Sunday, May 06, 2007

Minimal labels, maximal coverage

There is something impressive, almost thrilling, about the capacity of a label like "baroque" to sweep a huge amount of repertoire together. While closer examination always starts to wear away at the accuracy of the label, however it may be defined - historically, materially, stylistically -, there is something useful to having a handle with which one can efficiently distinguish one large body of work from others. If we were, for example, to define the baroque by the presence of the continuo accompaniment, it would be roughly accurate as a beginning point, and more roughly accurate as an end point, as continuo survived, for a time, in orchestral, operatic, and a longer time, in several church traditions. Furthermore, it fails to account for genres that clearly belong to a baroque era but do not have basso continuo. Nevertheless, an identification of continuo with baroque does convey some essential quality of both the technique and a historical and stylistic identity. There is a real connection between Cosi fan Tutte and The Rake's Progress (or between Orfeo and Einstein on the Beach) and sometimes precision is less useful and no more correct than fuzziness in describing that connection.

The accelerated accumulation of repertoire has created substantial demand for label making, and the tension between sweeping and precise labels cannot be greater. Take the labels "minimalism" or "minimal music": at root, these labels indicate something about materials, and, in general, that something is quantitative. But in common usage, and derived from association with the materially minimal musics that have become best known, that label has come to be defined not only by the material state but also by other characteristics of those particular musics, thus taking a term that was originally applicable to a wide variety of musical environments or realizations and proprietarily narrowing the musics that can take on the label. Thus because one well-known minimalist restricts pitch usage to tonal collections or another uses generous repetition or another uses long sustained tones, each of these possible realizations of a minimal material state have become necessary conditions for a "minimal music".

(It is also interesting to consider that "minimal" was not the only term in circulation ca. 1970 -- "process" or "systems" were terms with considerable currency in both the US (the "systems group" around Johnson, Corner, Goode, and Benary should be mentioned) and the UK (likewise a systems group around White and Hobbs) -- it just happens to be the one to have stuck. The term process, in particular, makes connections explicit between the musics of Reich and Lucier (Come Out and I am sitting in a room), or even Reich and Cage (try Pendulum Music and Inlets) that would be irrelevant to a minimalism label depending upon pitch usage).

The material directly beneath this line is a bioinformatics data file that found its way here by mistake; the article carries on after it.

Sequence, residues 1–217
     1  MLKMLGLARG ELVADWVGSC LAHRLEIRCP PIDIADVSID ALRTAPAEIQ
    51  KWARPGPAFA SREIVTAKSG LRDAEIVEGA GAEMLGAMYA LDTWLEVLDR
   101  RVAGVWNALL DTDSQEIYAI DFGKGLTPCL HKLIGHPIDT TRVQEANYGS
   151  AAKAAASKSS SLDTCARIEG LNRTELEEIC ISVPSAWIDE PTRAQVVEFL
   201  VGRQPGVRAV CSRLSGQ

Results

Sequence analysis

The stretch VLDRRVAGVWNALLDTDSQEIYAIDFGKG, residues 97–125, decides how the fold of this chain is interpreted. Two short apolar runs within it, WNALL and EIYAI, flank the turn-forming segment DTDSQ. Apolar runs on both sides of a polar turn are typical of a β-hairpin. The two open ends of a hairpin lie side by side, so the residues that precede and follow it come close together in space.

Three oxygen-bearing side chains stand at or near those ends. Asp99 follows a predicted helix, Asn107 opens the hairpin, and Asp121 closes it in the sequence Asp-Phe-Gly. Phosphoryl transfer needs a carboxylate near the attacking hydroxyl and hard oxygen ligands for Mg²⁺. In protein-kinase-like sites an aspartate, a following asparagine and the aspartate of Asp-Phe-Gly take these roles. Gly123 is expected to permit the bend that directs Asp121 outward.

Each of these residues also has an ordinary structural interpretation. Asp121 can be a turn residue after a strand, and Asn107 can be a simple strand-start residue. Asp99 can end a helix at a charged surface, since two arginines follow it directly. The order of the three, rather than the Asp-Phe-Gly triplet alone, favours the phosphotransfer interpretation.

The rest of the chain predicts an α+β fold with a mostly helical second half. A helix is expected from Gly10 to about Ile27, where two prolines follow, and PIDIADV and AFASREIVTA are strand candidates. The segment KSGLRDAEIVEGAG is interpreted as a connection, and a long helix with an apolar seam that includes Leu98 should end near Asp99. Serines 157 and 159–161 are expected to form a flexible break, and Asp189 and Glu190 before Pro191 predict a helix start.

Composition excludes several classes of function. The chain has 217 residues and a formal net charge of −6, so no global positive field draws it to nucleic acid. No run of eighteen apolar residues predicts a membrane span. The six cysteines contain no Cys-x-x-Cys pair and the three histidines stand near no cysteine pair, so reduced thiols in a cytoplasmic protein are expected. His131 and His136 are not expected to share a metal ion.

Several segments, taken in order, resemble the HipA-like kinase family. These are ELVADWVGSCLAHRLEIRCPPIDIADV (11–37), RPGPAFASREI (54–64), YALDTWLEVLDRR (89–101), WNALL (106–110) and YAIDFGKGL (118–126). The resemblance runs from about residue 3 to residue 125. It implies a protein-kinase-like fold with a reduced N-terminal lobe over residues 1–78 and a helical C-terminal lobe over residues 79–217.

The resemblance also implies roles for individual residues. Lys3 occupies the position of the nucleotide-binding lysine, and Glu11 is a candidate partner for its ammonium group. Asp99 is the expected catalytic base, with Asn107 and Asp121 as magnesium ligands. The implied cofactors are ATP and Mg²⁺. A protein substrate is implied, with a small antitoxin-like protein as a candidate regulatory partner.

A particular irony here, in the case of musical minimalism, is that the group of composers around whose work the term is most narrowly defined have tended to reject the label, recognizing both the inherent limitations of the term and the problems with construing their work as a meaningful grouping. While some of these problems may be more of a personal, rather than musical, nature, it is also quite clear that the term, when used so narrowly, is used often critically or to create an aesthetic distance from another music, and in particular by other composers who wish to distance their own work from this group of composers, whether as direct competitors or as historical successors. (Marx made the same move against the "Young Hegelians"). Thus contemporary conservative composers of tonal music can simultaneously associate and distance themselves from a body of work that competes with their own, without ever acknowledging, let alone engaging, the progressive musical and intellectual foundations of that work.

None of this, however, does much to convince that the term minimal should be abandoned or replaced. It is useful to have a term that immediately captures something about the material state of a music, and it is particularly useful in making connections across repertoires or establishing distances within repertoires. It is very useful to have a term connecting Young and Riley and Reich to the music of Pauline Oliveros, Douglas Leedy or Harold Budd, some very different west coast colleagues. It also has to be recognized that minimalism's impact was far from parochial, and more simply than an Andriessen or a Ligeti recognizing kindred spirits in a bit of Reich or Riley. The Japanese composer Jo Kondo, resident in lower Manhattan in the early 1970's, began his mature work from a point of departure (the key work is Kondo's Standing) that was intimately connected to his American colleagues, and the music of the German composers Hans Otte or Walter Zimmermann or Ernstalbrecht Stiebler was both decisively impacted by minimalism, and is, frequently, decisively minimal in material content.

1 comment:

paul bailey said...

i think minimalism has been pretty useful for our listeners connecting a large group of composers with somewhat similar aesthetic ideals (painting with a big brush).
i'd consider myself in the "post-minimalist" stage with an obvious dept to glass, reich, and riley, but i think many would not consider my music minimalist in any sense.